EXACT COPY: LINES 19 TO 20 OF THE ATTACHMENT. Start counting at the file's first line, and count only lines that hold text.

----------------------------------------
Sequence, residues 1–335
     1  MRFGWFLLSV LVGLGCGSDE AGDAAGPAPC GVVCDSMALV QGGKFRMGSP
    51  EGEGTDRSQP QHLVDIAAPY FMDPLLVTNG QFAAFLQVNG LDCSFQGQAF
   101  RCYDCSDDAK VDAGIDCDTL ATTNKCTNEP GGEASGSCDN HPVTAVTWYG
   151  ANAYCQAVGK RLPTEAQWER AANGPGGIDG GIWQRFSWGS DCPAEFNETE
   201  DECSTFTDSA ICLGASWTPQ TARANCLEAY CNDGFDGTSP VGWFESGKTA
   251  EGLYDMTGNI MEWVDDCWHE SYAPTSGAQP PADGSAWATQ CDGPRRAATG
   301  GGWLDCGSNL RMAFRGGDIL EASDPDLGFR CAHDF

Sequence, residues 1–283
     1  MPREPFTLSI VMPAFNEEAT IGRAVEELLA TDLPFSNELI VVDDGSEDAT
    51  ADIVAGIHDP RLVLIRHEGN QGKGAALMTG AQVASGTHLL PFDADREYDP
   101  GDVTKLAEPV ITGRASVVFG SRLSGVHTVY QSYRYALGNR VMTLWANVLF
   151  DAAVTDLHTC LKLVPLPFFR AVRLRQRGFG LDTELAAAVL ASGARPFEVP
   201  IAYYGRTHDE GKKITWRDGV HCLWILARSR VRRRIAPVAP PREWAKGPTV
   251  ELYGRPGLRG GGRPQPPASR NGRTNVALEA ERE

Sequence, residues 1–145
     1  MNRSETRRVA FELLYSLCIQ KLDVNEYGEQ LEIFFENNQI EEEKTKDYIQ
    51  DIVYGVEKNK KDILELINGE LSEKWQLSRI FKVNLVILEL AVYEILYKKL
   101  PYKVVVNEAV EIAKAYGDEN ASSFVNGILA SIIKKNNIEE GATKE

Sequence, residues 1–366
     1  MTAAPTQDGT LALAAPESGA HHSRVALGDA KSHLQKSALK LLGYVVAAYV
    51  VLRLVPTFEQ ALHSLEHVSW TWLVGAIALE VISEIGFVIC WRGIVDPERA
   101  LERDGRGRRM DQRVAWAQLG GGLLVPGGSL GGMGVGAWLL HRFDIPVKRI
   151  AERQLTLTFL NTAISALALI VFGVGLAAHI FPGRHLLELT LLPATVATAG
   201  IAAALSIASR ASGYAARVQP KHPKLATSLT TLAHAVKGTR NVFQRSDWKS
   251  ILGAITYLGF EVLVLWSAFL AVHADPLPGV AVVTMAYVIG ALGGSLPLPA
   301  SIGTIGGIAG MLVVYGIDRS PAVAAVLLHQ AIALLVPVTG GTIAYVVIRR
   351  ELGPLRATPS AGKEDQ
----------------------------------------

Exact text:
   101  PYKVVVNEAV EIAKAYGDEN ASSFVNGILA SIIKKNNIEE GATKE

Sequence, residues 1–366